In our ongoing life after rideshare series, we strive to bring you alternatives to rideshare driving. You can see our full list of gig jobs here, but today we’re bringing you a unique perspective on delivery: being a UPS driver. RSG contributor Chonce Maddox-Rhea shares the story of how rideshare driver Donald got started as a driver-helper with UPS below.
If you’re a part-time rideshare driver or drive full-time and keep your options open, it’s not uncommon that you may have looked into other flexible ways to make money.
I personally love hearing from drivers who are experimenting with other income ideas, whether it’s Amazon Flex or delivering form DoorDash.
Wondering what your life after/outside of rideshare driving can look like? Recently, I got to talk with an Uber driver and RSG reader named Donald who started working for UPS as a seasonal package deliverer in December last year.
Donald has been driving for Uber part-time in the Philadelphia area for over two years now. In this interview, we’ll cover how Donald found out about this gig, what his typical earnings are like, and how other rideshare drivers can benefit from this gig.
Learning About the UPS Delivery Job
Last holiday season, Donald overheard someone talking about UPS job opportunities.They mentioned how UPS often hires ‘driver helpers’ to assist the main driver with package deliveries throughout the day. Donald knew there was a UPS hub close to his home, so he decided to apply.
Donald went to an interview for the warehouse job position and found out they require you to be able to lift up to 75 lbs. While this wasn’t an issue for Donald, it is something to be aware of.
In general, these driver helpers can be expected to make around $21 per hour and does require training before you can get started.
What Does it Take to Get Started With UPS?
Donald applied to become a seasonal Personal Vehicle Package Deliverer before Thanksgiving and started training. In order to apply you need to meet the following requirements:
- Be at least 21 years old
- Have a valid driver’s license
- No at-fault accidents within the last three years
- No moving violations within the past 12 months
- Have minimum state-required auto insurance
- Have a vehicle with no company logos, markings, bumper stickers, political stickers, or offensive warnings
- Be able to lift, lower and carry packages up to 70 pounds
“UPS provides a phone and uniform, but it’s also important that you have good shoes to work in. Training was about 5 hours and it was pretty intense but it was great to get it done upfront. It’s very detailed and they go over everything you need to learn for the job.
There were also 2 hours of additional online training that I had to take. You do have a ride-along that comes with you on the first day to evaluate how you’re doing.
The one thing I wished training would have covered in more detail is how to organize your car and sort the packages so you can deliver them quickly. The brown UPS trucks have shelves in them which makes grabbing and delivering packages convenient.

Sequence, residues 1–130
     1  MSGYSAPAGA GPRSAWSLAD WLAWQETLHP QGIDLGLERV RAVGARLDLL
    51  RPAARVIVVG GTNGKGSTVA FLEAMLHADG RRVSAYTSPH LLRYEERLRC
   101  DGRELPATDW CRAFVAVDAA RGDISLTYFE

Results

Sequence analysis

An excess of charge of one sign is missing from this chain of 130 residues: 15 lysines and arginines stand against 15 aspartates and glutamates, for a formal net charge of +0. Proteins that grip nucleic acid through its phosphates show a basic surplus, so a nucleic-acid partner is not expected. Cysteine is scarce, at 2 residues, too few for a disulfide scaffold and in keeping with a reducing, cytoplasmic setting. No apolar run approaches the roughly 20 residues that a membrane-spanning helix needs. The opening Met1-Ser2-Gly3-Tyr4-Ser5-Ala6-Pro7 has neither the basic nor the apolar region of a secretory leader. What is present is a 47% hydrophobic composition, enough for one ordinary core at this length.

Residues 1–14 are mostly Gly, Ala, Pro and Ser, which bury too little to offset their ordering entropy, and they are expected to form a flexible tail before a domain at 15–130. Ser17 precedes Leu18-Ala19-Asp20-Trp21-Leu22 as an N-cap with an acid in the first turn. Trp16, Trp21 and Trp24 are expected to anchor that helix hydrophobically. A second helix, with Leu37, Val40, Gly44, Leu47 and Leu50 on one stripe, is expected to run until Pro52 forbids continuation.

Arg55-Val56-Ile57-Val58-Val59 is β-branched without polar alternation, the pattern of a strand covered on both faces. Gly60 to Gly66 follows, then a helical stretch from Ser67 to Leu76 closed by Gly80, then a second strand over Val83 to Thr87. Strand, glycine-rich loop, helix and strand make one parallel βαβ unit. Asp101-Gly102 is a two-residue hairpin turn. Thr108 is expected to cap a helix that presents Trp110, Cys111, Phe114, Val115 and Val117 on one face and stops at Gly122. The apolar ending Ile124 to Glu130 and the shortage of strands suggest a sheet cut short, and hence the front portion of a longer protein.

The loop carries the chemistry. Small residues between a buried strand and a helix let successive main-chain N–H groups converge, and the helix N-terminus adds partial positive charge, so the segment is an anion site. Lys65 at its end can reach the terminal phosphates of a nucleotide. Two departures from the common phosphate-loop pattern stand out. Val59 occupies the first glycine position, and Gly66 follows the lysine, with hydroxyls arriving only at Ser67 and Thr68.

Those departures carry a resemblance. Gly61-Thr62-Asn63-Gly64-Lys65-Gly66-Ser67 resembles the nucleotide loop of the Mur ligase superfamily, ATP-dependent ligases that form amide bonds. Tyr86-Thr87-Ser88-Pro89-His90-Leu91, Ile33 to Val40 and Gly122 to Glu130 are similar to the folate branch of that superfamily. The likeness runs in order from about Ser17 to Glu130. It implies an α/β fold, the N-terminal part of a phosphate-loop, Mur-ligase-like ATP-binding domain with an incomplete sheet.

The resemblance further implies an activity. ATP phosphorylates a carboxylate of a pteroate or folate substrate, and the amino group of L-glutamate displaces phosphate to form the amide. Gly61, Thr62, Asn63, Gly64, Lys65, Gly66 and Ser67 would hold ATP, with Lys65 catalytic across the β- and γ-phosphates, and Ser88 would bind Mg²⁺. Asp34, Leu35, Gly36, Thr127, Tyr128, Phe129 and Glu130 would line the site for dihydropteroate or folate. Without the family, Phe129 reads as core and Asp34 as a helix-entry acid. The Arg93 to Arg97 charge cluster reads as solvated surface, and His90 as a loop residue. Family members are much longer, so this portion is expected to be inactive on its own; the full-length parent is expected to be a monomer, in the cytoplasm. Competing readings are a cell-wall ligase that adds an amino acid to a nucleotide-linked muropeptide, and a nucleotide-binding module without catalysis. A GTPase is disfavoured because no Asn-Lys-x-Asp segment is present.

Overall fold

Ideally, you want to stack the packages in your car according to your route and in the order of which addresses you’ll be delivering to.”
What Are Typical Earnings and Hours Like?
Donald worked during the holiday season for about 13 days including Saturdays and made about $21 per hour. You may see UPS advertises that you can earn up to $30 per hour, but that is only in one of their markets, so just keep that in mind.
Since the work is more physical, shifts aren’t super long but it all depends on how many deliveries you have for the day. Donald delivered anywhere from 80 to 140 packages per day and worked 6-9 hour shifts on average.
Does UPS Hire Year-Round or Only During the Holidays?
Donald’s particular position was seasonal. Delivery volume always spikes around the holidays but with some companies like UPS and Amazon, it’s getting to the point where they barely have enough vehicles to keep up with demand year-round.
Overall, while Donald was hired during a specific rush, you should keep an eye out for these types of driver-helper positions year-round. Donald liked this gig in particular since he could delivery for UPS using his own vehicle and had guaranteed pay plus mileage.
Overall, Donald had this to say about the gig:
“I would definitely like to do this job again and wouldn’t even mind becoming a regular UPS driver one day – although to do this, you need to work in the warehouse for about 9 months.”
Overall Take on Driving for UPS Instead of Rideshare
Donald focused solely on the UPS job at the time since it was seasonal and rigorous work. However, he does think that with the flexibility of driving for Uber and Lyft, someone can balance both.
Donald shared this piece of advice for drivers looking to drive for UPS and Uber/Lyft:
“With UPS personal delivery driver shifts as short as 6 hours, you can simply schedule your rideshare driving around that time. You may need to change your strategy up a bit, but I typically drive for Uber more than 20 hours per week and do some handyman work on the side as well so there’s still plenty of room for another income stream.”
Right now, Donald is looking into getting a census job as he continues to search for and try out lucrative work opportunities that he can do alongside driving for Uber.
Are you a driver who’s also working toward pursuing a side business, other gig work, or even learning a new skill that will allow you to break into a different career field? Have questions for Donald about working for UPS? Sound off in the comments!
Burnt Out Talking To Passengers? Deliver Food With Caviar!Click to Sign-up!
-Chonce @ RSG